I became interested in art early in life; my posters received prizes, but my great interest was in modeling horses. I began attending doll conventions with my mother, Fidelia Lence (UFDC President, 1971-73) when I was 17, and my interest in dolls grew with each convention. My first doll, Miss Unity, a depiction of the Federation Emblem, was produced to benefit the UFDC quarterly magazine, Doll News.

After graduating with a degree in animal husbandry from the University of Massachusetts, I studied art at the Boston Museum of Fine Arts while working in the field of cancer research with animals. In 1959 I married classmate Donald Crosby, and we moved to Ohio to raise beef cattle. While there, I worked with a fine teacher to learn porcelain-molding and china-painting. After my son Dana was born, I returned to dollmaking. We now have three children and eight grand-children.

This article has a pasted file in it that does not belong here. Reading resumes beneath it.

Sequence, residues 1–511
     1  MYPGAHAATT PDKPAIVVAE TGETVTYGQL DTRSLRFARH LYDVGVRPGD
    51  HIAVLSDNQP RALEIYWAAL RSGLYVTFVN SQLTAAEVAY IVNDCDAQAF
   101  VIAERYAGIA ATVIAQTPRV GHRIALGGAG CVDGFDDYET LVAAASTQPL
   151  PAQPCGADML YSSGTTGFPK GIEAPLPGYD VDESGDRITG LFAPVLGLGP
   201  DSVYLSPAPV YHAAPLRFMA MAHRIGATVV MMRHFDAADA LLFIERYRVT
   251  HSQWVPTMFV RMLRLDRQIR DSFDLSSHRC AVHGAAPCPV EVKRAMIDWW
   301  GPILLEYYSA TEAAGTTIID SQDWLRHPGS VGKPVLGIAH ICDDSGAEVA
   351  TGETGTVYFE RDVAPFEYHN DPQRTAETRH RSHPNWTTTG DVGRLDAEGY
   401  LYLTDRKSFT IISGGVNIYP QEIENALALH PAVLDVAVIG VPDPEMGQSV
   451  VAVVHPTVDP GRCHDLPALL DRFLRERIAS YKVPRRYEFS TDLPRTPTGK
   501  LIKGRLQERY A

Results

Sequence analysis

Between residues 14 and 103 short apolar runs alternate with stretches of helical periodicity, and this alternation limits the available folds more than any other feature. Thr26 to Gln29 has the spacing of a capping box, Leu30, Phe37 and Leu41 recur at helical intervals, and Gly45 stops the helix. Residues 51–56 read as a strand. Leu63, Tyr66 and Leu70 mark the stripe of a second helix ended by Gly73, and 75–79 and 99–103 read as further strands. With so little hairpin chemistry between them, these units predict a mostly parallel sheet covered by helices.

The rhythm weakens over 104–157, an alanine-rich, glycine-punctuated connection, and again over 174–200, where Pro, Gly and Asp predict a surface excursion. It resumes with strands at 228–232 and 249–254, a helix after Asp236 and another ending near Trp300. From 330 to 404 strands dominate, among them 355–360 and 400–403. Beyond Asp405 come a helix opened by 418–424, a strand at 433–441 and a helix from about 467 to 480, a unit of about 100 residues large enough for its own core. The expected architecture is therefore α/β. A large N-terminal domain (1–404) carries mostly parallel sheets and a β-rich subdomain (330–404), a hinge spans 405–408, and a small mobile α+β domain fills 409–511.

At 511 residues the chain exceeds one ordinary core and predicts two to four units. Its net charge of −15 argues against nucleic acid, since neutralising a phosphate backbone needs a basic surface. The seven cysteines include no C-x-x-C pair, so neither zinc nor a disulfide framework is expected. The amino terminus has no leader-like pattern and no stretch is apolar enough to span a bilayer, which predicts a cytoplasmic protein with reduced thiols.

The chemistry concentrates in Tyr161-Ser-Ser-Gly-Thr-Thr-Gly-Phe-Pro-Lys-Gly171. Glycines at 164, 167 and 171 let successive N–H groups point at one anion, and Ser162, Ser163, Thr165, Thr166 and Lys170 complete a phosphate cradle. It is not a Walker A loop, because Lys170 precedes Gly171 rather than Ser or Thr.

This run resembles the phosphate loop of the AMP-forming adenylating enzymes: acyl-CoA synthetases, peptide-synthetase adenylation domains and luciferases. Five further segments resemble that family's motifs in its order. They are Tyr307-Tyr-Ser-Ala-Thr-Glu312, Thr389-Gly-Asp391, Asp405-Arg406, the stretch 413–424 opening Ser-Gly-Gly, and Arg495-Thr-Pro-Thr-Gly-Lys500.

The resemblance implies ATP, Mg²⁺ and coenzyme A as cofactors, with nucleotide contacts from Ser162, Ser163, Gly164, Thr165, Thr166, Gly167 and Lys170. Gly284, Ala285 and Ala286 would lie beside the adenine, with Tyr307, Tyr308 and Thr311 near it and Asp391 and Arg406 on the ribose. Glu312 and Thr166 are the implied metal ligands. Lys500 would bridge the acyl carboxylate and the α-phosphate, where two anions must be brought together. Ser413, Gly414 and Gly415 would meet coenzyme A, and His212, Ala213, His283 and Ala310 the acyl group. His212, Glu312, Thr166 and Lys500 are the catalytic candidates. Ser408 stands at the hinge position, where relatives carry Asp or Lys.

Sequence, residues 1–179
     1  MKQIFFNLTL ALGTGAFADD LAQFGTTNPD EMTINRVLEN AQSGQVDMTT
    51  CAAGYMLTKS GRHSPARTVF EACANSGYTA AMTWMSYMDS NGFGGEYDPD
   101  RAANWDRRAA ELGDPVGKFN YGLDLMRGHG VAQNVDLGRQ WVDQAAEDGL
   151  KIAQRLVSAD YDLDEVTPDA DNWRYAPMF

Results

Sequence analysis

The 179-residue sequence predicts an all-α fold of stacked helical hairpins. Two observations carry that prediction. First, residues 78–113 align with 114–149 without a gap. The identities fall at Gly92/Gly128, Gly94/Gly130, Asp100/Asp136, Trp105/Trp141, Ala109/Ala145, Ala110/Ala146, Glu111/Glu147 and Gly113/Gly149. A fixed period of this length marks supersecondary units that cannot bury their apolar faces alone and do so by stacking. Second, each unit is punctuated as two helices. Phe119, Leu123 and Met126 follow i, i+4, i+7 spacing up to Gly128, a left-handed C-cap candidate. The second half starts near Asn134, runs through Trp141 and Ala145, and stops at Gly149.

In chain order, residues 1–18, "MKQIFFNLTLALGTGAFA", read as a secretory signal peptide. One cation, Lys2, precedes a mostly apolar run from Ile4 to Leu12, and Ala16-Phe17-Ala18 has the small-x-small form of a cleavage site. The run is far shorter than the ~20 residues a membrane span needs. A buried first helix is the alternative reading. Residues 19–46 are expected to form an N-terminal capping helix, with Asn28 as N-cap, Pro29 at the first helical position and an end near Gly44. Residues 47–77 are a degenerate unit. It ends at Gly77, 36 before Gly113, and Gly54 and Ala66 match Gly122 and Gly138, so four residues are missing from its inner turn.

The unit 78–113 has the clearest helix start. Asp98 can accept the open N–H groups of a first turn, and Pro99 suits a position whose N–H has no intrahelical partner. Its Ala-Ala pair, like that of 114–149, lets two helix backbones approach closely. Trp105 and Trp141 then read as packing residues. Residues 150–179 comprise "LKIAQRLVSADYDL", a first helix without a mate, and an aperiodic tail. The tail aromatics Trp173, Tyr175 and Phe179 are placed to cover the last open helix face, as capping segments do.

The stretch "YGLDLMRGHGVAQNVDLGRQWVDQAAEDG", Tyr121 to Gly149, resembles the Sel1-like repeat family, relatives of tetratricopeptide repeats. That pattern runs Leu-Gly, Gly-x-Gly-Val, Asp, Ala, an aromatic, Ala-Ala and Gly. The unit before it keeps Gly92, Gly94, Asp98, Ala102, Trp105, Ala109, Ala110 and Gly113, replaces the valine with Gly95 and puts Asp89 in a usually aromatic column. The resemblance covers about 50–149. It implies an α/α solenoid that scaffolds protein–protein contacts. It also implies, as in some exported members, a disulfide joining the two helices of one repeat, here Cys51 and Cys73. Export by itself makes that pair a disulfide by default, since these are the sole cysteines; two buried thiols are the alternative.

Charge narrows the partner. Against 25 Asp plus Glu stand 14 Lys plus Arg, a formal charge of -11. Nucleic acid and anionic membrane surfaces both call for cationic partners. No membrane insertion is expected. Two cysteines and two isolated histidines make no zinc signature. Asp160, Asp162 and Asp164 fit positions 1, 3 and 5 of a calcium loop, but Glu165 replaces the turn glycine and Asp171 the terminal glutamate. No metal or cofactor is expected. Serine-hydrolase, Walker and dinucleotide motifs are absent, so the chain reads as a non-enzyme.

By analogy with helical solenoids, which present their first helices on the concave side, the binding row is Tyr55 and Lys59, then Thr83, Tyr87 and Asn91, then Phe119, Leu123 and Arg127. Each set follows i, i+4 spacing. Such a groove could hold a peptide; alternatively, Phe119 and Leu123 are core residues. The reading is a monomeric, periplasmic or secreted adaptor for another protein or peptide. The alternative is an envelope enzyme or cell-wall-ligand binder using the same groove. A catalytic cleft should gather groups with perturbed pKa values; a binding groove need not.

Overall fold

In 1967, I created an edition of 1,000 porcelain heads of my doll named Ye Boston Maid, given as the surprise banquet souvenir at the Boston UFDC Convention. My set of The Pilgrim Family was submitted to NIADA, leading to my induction as an artist member in 1968. I have attended 44 NIADA conferences, and I have enjoyed creating one-of-a-kind porcelain dolls ever since then-president Robert Tonner introduced Gallery Night at the 1994 NIADA conference in Atlanta. Over the years, NIADA and dollmaking have made for a very happy life.